Income Tax Act 1961 – Tax exemption for charitable purposes -Section 2(15)-for achieving a general public utility object, if the charity involves itself in activities, that entail charging amounts only at cost or marginal mark up over cost, and also derive some profit, the prohibition against carrying on business or service relating to business is not attracted – if the quantum of such profits do not exceed 20% of its overall receipts(Para 172).

Income Tax Act 1961 – Section 2(15) –Amounts charged by statutory authorities, corporations, statutory regulatory authorities for their public activities can’t be treated as commercial receipts-However, if the amounts collected are significantly higher than the costs incurred, it can be treated as commercial income-Para 253

Income Tax Act 1961- Section 2(15) – Tax exemption for professional bodies like ICAI- bodies which regulate professions and are created by or understatutes which are enjoined to prescribe compulsory courses to be undergone before the individuals concerned is entitled to claim entry into the profession or vocation, and also continuously monitor the conduct of its members do not ipsofacto carry on activities in the nature of trade, commerce or business, or services in relation thereto-However, this is subject to the caveat that if the assessing authorities discern that certain kinds of activities carried out by such regulatory body involved charging of fees that are significantly higher than the cost incurred (with a nominal mark-up) or providing other facilities or services such as admission forms, coaching classes, registration processing fees, etc., at markedly higher prices, those would constitute commercial or business receipts (Para 196, 253).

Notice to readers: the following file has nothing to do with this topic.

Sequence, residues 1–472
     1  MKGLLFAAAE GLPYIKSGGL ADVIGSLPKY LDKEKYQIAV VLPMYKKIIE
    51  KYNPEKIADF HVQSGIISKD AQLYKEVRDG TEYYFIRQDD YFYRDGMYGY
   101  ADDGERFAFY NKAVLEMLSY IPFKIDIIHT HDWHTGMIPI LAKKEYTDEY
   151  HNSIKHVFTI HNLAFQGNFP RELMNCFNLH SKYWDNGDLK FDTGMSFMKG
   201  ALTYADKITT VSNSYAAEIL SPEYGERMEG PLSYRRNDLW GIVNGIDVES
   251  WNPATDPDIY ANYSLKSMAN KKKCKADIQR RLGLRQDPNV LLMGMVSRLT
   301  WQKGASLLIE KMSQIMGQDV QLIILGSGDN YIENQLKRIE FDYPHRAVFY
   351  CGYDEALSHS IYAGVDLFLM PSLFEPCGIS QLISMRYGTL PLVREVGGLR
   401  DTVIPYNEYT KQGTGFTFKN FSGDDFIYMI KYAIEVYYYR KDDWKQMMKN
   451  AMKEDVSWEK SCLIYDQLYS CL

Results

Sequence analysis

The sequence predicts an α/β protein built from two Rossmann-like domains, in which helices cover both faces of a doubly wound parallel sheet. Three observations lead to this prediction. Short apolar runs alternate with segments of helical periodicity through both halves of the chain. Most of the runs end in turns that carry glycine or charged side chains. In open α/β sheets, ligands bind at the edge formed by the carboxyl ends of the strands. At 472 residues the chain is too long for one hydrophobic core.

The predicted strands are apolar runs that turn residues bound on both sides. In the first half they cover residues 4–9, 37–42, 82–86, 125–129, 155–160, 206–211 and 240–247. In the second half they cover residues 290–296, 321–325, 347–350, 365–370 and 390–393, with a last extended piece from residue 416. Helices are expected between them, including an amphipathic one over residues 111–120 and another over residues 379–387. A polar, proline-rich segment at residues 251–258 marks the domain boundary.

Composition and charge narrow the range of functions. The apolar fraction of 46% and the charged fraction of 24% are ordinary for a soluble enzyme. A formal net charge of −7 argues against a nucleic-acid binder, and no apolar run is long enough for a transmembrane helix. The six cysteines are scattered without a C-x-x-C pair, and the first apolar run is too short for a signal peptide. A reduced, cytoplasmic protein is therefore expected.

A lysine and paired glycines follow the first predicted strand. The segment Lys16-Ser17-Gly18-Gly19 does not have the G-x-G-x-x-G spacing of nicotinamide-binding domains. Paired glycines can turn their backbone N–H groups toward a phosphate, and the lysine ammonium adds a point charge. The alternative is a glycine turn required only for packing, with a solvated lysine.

Source from: https://www.livelaw.in/top-stories/statutory-authorities-professional-bodies-like-icai-entitled-to-income-tax-exemption-if-amounts-charged-by-them-are-nominal-to-cover-costs-supreme-court-212198